Installation notes for Woody on Nubus PowerPC's using the Apple MkLinux Booter and the Kernel with Debian Woody installer.

These notes describe the Woody (Debian GNU/Linux 3.0) installation on a PowerPC 8100/80 via the internet (broadband connection) accessed from a LAN with a DHCP server.

(Revision as at 6 June 2003 following a re-install - I've updated these notes to reflect my latest experience of installing woody on this 8100/80 as a file server)

It is assumed that you have already created partition space on your hard disk. For partitioning help see:
Note : There is mac-fdisk available from the installer should you want to partition the disk during installation. I used this during the latest installation.

Stage 1: Installing Debian Linux booter

1. Obtain the Apple MkLinux Booter from: (thanks to Takashi Oe). It comprises three folders , the contents of which need to be copied to Control Panels (1 file), Extensions (1 file) and Preferences (2 files) folders - it's pretty self-explanatory.

2. Download the MachKernel-2.4.19-rc1-020626 from: and MachKernel-Debian-woody-020722.gz from: (provided by Etsushi Kato).

NB. I had trouble booting this installer for some reason and so I used a different kernel + installer from: I found this installer a bit different to the woody installers I've used elsewhere eg: there is no provision to set up security updates in your sources list - you'll need to edit /etc/apt/sources.list later to include these. Also some of the options are phrased differently and need to be read carefully.

Rename from "MachKernel-Debian-woody-020722.gz" to "Mach Kernel" and place in the Extensions folder.

3. Go to Control Panels and open MkLinux window, select Custom which opens lilo.conf and make sure it reads as follows:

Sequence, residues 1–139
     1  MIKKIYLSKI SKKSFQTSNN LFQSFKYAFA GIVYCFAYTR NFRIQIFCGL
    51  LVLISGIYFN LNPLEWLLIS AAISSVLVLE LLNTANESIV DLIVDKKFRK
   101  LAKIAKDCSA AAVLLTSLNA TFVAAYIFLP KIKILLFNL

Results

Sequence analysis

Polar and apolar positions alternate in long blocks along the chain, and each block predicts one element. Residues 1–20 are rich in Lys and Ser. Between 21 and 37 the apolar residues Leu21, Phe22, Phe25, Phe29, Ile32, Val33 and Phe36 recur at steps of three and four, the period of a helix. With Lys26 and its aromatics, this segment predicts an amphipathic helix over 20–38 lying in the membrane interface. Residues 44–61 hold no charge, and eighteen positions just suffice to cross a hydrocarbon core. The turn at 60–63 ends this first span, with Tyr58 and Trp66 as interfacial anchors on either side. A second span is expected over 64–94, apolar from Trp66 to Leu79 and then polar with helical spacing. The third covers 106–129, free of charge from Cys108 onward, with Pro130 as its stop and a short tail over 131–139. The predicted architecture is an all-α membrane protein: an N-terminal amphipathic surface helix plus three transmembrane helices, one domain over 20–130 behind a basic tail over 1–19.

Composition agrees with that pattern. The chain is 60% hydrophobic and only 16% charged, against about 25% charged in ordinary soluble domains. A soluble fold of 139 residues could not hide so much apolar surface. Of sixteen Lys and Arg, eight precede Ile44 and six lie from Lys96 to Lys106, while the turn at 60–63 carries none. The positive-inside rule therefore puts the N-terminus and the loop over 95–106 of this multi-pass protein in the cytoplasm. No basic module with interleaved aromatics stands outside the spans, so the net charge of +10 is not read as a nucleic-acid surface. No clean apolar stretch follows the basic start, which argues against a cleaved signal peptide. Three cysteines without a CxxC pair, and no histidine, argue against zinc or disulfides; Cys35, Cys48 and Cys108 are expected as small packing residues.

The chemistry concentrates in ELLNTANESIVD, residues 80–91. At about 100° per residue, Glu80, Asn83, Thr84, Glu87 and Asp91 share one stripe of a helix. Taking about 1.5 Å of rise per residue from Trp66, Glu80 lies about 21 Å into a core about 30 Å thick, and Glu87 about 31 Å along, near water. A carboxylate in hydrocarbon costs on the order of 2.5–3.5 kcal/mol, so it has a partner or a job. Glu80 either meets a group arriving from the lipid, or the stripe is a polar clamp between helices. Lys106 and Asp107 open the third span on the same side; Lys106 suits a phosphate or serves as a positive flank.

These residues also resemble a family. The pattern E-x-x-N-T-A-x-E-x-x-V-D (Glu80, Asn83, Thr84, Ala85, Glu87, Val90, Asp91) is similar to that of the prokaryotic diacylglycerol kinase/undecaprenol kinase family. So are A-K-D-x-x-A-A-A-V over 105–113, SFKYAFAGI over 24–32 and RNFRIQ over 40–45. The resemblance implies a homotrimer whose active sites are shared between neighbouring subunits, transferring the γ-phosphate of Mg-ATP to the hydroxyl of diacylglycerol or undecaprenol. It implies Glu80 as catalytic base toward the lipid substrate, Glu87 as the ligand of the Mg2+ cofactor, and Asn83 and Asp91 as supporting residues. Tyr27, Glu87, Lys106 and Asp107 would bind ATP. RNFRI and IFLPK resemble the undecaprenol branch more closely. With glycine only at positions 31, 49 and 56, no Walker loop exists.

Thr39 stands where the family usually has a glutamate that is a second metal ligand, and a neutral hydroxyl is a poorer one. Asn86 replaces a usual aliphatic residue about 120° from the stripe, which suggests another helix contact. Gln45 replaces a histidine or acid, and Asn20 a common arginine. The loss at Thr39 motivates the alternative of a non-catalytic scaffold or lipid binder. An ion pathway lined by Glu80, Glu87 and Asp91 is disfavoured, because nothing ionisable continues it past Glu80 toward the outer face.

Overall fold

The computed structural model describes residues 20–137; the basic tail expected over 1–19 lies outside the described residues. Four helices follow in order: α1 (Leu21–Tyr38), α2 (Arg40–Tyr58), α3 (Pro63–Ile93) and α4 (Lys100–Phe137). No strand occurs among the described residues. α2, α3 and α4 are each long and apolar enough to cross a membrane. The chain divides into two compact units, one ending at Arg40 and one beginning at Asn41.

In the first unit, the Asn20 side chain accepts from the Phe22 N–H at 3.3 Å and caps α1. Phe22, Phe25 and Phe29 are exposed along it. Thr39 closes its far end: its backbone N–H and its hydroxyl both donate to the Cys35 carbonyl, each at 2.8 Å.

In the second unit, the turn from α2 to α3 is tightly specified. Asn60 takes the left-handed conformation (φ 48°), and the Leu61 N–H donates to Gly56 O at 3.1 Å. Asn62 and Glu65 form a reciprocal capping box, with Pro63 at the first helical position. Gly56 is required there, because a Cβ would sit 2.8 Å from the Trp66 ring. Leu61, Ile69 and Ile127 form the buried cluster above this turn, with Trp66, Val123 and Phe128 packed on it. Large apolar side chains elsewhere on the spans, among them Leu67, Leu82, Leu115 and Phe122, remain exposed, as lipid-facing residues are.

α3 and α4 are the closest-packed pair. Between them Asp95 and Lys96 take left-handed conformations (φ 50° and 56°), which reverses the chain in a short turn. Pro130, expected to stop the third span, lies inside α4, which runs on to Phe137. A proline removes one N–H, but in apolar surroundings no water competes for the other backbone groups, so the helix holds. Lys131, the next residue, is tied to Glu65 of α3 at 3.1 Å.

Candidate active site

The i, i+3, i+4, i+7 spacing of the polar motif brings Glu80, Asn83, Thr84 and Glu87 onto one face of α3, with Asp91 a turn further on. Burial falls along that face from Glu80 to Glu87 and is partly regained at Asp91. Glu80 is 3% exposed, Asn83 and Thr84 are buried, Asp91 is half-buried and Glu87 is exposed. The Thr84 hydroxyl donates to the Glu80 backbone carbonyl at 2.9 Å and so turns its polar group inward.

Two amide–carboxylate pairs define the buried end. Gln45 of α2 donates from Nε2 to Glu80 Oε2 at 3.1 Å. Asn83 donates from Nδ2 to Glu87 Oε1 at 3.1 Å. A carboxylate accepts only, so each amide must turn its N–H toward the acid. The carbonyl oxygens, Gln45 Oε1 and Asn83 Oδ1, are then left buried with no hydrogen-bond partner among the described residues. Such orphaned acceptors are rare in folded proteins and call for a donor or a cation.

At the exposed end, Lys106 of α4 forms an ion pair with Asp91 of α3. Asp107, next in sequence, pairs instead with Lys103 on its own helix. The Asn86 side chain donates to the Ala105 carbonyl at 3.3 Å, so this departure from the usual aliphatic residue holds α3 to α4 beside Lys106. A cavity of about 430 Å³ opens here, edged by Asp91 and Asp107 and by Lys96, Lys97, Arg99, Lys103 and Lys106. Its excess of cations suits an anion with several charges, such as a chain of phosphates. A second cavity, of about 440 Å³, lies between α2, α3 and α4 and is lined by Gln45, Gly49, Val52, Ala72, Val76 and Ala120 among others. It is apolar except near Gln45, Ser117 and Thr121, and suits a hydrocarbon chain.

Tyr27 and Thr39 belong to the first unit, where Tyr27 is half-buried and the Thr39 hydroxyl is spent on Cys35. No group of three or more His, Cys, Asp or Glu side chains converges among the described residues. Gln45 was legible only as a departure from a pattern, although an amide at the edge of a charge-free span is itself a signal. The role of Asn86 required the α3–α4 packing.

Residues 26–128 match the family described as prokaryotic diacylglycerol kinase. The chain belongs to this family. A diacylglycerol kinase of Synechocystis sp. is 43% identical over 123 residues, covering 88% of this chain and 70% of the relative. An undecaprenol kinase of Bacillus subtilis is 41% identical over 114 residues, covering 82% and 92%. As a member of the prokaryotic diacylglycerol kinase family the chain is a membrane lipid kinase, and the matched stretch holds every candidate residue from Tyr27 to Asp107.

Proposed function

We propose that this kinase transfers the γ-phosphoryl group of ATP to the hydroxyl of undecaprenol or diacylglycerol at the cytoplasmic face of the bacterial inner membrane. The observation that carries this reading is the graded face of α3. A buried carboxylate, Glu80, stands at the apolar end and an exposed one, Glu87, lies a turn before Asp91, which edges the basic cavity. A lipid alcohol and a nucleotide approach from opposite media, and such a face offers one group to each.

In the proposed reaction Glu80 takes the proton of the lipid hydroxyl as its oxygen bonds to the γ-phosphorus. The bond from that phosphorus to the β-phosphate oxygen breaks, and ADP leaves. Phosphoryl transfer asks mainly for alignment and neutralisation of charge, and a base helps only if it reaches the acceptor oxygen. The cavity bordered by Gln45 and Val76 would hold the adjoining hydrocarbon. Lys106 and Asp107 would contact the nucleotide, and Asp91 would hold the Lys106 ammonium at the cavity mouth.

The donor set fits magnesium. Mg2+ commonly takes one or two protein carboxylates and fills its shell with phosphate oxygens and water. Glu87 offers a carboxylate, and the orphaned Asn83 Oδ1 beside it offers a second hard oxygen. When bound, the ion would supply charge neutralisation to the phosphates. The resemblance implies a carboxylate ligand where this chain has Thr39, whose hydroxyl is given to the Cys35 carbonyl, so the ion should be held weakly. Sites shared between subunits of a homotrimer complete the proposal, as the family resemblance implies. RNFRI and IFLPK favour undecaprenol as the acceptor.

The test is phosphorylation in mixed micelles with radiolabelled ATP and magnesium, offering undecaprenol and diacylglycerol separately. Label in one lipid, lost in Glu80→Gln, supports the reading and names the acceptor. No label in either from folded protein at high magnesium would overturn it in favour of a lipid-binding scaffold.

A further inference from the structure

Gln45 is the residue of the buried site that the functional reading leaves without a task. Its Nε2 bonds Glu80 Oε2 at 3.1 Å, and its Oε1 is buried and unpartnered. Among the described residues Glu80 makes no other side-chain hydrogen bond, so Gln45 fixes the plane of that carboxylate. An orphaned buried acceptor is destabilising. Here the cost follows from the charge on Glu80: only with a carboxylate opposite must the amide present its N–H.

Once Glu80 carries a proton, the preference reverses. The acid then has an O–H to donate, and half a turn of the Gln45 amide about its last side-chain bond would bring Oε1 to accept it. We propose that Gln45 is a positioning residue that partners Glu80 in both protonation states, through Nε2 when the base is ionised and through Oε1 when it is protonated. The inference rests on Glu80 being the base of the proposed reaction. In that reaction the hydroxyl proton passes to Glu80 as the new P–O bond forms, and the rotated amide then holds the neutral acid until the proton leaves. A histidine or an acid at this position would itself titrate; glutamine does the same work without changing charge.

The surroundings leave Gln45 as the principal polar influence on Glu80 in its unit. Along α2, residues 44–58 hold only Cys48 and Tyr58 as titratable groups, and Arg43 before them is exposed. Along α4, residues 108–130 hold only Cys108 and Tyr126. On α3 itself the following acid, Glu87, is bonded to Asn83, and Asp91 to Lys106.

# RAMDisk Debian Installer
# mach_options= keyboard_sends_linux_keycodes=1

(It doesn't matter what else is in the file as long as every other line starts with "# " Save the file and exit

4. Restart your machine - Note. If you're installing over a network, you need a Linux readable CD in the CD Rom drive otherwise it won't boot to the installation screen.

5. When Apple MkLinux Booter comes up, press "MkLinux" button which should if all has gone according to plan it will take you to the Woody installation system.

Stage2: Installing Woody

Choose the following from the menus:

1. Configure the Keyboard

2. Initialise and Activate a Swap Partition

3. Initialise a Linux Partition (more than once if you have multiple partitions). The partition set used was:

6. / 80M
7. swap 80M
8. swap 80M
9. /usr 1G
10. /var 500M
11. /tmp 500M
12. /home 3G
13. free 718.4M

In the latest install I reduced /usr, /var and /tmp in favour of a larger home directory because I don't need a desktop environment for serving files.

4. Install Operating System Kernel and Modules. Select Installation medium: network. The installer should configure your network automatically using DHCP or BOOTP if you accept the defaults; if not you will have to configure it manually. The potato installer worked automatically. It will then download from the default URL: powermac/images-1.44/rescue.bin powermac/drivers.tgz